He does not care that, in so doing, he brings new damage to the master, he thinks only of his future, of his possible salvation. "He called the debtors of the master one by one and said to the first [the two debtors reported here are used as an example of what he also did with the others]:" How much do you owe my master? "He replied:" One hundred barrels of oil "[which is equivalent to about 38 hectoliters]". And immediately the administrator suggested him to write, to correct the due on the receipt, declaring that he owed it for only fifty; puts him back half the debt. "Then he said to another:" How much do you owe? "He replied:" One hundred measures of wheat "[which correspond to about 550 quintals].

He said to him, "Take your receipt and write eighty", thus giving him one fifth of the actual debt. Doing so the master, who did not know the original debt, would have hardly discovered the fraud. In the end, this administrator did not even have he tried to appropriate the goods of his master: he had squandered them, but not stolen them, and these possessions do not even hold them for him, but he gives them to others, in the hope of making his lord's debtors debtor of himself, so that by the time he was removed from office, there would have been someone who, grateful for what he had obtained, would have welcomed him into his own home.

Unexpectedly the master praises that dishonest administrator, for the shrewdness with which he had acted. This means that he does not praise the injustice and the fraud committed, but the skill and the ingenuity with which he was able to make use of the last shred of that authority that was escaping him, in order to provide for his future. In this administrator humanity is depicted in its worldliness, which seeks only the realization in the things of the earth, negotiating between the darkness of ignorance and those of sin.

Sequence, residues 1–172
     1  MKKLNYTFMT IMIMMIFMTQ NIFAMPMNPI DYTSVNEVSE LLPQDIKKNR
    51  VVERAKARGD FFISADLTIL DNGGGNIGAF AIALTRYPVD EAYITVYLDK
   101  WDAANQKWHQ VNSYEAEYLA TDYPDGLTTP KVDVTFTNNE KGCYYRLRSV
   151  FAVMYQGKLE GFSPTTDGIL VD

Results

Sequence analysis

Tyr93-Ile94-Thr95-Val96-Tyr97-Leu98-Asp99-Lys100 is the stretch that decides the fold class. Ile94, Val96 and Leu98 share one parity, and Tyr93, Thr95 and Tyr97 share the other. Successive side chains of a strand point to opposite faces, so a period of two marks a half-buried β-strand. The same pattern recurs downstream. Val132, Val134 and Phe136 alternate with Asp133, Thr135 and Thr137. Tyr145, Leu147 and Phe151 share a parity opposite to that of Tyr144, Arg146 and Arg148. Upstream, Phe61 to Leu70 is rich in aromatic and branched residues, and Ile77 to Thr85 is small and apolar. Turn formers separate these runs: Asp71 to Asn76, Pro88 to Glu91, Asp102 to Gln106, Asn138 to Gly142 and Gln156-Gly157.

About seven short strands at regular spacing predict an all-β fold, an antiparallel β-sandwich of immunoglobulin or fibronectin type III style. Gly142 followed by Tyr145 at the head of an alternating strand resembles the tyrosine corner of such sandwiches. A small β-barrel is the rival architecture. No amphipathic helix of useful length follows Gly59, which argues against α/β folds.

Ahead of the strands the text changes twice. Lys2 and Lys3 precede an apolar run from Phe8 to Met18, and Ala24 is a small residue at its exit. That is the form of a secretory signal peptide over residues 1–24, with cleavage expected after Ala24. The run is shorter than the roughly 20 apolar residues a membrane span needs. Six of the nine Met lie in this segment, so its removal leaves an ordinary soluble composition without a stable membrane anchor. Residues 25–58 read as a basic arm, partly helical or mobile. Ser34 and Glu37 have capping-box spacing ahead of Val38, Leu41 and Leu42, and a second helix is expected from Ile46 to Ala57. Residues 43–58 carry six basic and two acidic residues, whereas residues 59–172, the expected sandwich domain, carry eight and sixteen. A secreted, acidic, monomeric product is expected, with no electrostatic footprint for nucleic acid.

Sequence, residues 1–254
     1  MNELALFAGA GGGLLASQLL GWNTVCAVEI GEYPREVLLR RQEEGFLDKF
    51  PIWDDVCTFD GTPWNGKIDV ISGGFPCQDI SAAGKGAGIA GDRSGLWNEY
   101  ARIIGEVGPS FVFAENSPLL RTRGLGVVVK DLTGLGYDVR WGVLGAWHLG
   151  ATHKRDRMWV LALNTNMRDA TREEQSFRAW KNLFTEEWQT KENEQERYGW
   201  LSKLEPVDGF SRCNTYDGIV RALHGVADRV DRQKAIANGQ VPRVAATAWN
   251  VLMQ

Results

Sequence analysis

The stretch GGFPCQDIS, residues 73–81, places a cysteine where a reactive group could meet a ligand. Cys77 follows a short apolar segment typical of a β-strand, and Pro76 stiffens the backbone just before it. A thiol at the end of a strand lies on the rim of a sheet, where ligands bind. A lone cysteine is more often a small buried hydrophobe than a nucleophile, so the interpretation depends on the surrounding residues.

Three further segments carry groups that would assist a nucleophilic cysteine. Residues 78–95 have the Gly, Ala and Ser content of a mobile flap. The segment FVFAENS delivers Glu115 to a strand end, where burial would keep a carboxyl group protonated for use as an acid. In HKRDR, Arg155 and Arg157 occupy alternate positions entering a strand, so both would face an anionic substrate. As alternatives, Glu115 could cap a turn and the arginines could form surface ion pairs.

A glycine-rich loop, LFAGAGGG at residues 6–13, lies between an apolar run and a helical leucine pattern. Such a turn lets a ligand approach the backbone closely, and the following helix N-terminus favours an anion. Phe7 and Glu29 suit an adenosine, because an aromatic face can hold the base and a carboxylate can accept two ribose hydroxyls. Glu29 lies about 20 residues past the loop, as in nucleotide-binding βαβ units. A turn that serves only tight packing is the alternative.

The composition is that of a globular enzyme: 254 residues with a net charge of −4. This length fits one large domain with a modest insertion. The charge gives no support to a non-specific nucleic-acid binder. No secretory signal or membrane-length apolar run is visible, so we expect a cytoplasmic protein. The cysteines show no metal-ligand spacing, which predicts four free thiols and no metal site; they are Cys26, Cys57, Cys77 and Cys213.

The unfaithful factor, in order to succeed in his intent, indeed needs the complicity of other debtors, of those who are certainly not "children of the light", that is, the disciples of Jesus, the true light of the world; in fact, they would have led him to procure heavenly goods, while his only objective - blinded as he was by the greed of the flesh - was to safeguard the last worldly goods granted to him. If therefore the master praises the ingenuity with which the factor knows how to procure friends for the days of misfortune, although this way of acting was both incorrect and also to his detriment, much more will be praised by God those who, with their riches, they will have tried to make the poor friends, benefiting them: "Well, I say to you: get yourself friends with dishonest wealth, because, when it comes to fail, they welcome you to the eternal dwellings".